18 August 2006

Polo Ralph Lauren goes immersive.

We've been talking about it for some, well ever since THAT Tom Cruise movie...yes the 2002 blockbuster Minority Report...and it seems like we were not the only ones who thought that immersive marketing was not too far away. First Eyecorp (see blog 18 March 2005, 'Minority Vision') and now Ralph Lauren.

Polo Ralph Lauren have just launched a new interactive window in their Madison Avenue shop that allows shoppers to choose and purchase an outfit projected on the shop window, even when the store is shut.

“After watching Steven Spielberg’s Minority Report, I really wanted to find a way of making that amazing technology a retail reality. We are thrilled to offer such a unique and exciting way for our customers to further explore the world of Ralph Lauren; with this initiative we are reinventing the concept of shopping anytime” said David Lauren, Senior Vice President Advertising, Marketing and Corporate Communications of Polo Ralph Lauren.

It's a classic case of life imitating art.

04 August 2006

Coles tries on a new lite strategy.

On Monday 1 August the Australian supermarket giant Coles went public with the results of their eagerly awaited nine month internal review. They were greeted by a lukewarm market reception and bewilderment as to the scope and nature of their new brand strategy.

Coles CEO, John Fletcher, said the newly named 'Coles Group Limited' (as we predicted in our blog on 13 July 2006) complete with a bright curly cue logo would "drive sales and earnings growth by further simplifying its business to invest in stores and customers’ shopping experience" by focussing on "customers’ everyday shopping needs".

The most interesting part of the announcement was the decision to integrate the existing food, liquor, fuel and general merchandise businesses (Coles Supermarkets, Liquorland, Vintage Cellars, 1stChoice Liquor Superstore, Coles Express and KMart) into something vaguely called "everyday needs".

While the Sydney Morning Herald's coverage on the same day seemed to interpret this to mean that everything would be called "Coles", our understanding is that while the Coles name would feature prominently in the newly branded business, this is not necessarily the case...

In addition, we are not convinced that calling something "Coles Everyday Needs" is particularly evocative of anything. Perhaps really what they are trying to do is simplify the group structure so that the process of marketing, supply chain and management can be centralised and significant savings made by reducing head office numbers and duplication at various management levels of the existing brands.

Fletcher claims that the Group will be spending $60 million to improve the customer experience in supermarkets and increasing investment in Target and Officeworks, which they have chosen to retain. Yet, why announce such a large spend working on what is demonstrably a poor experience (which you will be inevitably looking to rebrand over the next two years)?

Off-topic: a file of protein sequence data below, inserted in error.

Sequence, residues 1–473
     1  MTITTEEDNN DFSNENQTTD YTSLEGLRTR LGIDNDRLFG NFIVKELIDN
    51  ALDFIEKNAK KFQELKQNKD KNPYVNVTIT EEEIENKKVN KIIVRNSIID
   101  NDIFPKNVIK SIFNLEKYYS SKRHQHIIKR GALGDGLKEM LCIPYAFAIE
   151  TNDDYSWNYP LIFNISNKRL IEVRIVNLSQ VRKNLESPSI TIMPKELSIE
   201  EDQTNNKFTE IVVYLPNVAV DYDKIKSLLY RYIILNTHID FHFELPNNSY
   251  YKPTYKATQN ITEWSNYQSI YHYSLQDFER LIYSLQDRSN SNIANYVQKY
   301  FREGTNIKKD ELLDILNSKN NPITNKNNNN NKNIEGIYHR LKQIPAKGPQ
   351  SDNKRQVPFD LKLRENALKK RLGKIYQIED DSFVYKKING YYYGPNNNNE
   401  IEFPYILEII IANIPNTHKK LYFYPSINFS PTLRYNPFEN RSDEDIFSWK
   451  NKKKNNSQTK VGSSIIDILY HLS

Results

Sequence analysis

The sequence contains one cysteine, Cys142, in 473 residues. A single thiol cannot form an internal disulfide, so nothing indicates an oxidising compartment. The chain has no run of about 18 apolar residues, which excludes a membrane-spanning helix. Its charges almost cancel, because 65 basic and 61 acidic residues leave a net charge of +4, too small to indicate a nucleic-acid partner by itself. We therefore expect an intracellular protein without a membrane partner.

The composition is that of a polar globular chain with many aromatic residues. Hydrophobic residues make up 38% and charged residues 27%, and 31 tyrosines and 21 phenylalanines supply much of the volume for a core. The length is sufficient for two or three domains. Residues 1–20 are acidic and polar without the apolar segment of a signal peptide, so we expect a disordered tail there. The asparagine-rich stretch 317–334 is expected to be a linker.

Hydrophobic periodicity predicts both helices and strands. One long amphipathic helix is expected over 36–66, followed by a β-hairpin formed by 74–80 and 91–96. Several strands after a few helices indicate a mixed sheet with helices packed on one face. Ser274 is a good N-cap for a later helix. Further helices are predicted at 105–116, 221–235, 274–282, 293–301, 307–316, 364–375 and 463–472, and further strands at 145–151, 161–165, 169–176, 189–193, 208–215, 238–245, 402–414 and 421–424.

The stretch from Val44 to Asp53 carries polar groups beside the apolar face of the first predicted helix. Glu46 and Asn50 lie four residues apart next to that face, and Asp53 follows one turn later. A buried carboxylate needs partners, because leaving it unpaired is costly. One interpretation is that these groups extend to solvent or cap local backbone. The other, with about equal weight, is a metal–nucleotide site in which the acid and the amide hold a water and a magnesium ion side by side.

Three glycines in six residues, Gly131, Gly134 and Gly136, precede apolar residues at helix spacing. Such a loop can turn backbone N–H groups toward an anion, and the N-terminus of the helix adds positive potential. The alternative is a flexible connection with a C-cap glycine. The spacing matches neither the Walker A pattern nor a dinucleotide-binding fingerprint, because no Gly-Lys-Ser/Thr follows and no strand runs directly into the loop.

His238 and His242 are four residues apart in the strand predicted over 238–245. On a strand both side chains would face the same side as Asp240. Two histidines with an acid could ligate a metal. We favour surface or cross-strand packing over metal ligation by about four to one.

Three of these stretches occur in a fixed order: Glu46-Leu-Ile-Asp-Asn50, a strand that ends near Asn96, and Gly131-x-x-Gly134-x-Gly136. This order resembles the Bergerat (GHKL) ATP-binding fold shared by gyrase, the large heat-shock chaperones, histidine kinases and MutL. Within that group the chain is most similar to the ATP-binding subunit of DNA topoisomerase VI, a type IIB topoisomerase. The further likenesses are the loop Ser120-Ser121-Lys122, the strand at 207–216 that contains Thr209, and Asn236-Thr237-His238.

“We have spent the last nine months researching our customers, team members, suppliers and the world’s best retailers to ensure there is overlap between our current and next strategic direction,” Fletcher said in the company release.

This is a very strange claim when both DIFFUSION and most market analysts remarked that the Group lacked any real strategic direction.

“During this time it has become clear that two key themes – customer intimacy and simplification – will drive future growth, enabling us to direct additional resources and focus to engaging our customers with better service, more convenience, and better products and rewards.”

Similarly, Fletcher's claims that these two themes are the bulwark of any future growth are also odds with a culture that to date has seemed to shun any notion of better service by reducing the ratio of staff to customer numbers, defined 'convenience' by opening hours, marginalised suppliers by screwing ever better deals and increasing its reliance on own brand products (see our blog on 18 March 2005) and vastly diminished rewards for customers by increasing eligibility thresholds.

Fletcher is now working on the idea that the "key to the new everyday needs business will be the creation of a lean and innovative culture in which stores are ‘heroes’, and where team members are empowered to deliver great service and products to customers.”

Fletcher's description of the new stores in terms of both "innovative" and "heroes" seem a contradiction in terms. Under his stewardship, the Group's brands have been denuded of any real intrinsic value and supported by bland propositions. The "everyday needs" proposition is equally fraught. Will the new store formats that Coles will invest something like $850 million in, become hypermarkets, along the lines of Carrefour or WalMart?

We don't know the answer because Coles and Fletcher is still working out the details of what can only be described as a strategy that not only views brand as the sum of a capital spend but also takes for granted the notion that customers are more interested in logos and fascias, rather than details of how they might actually get better service.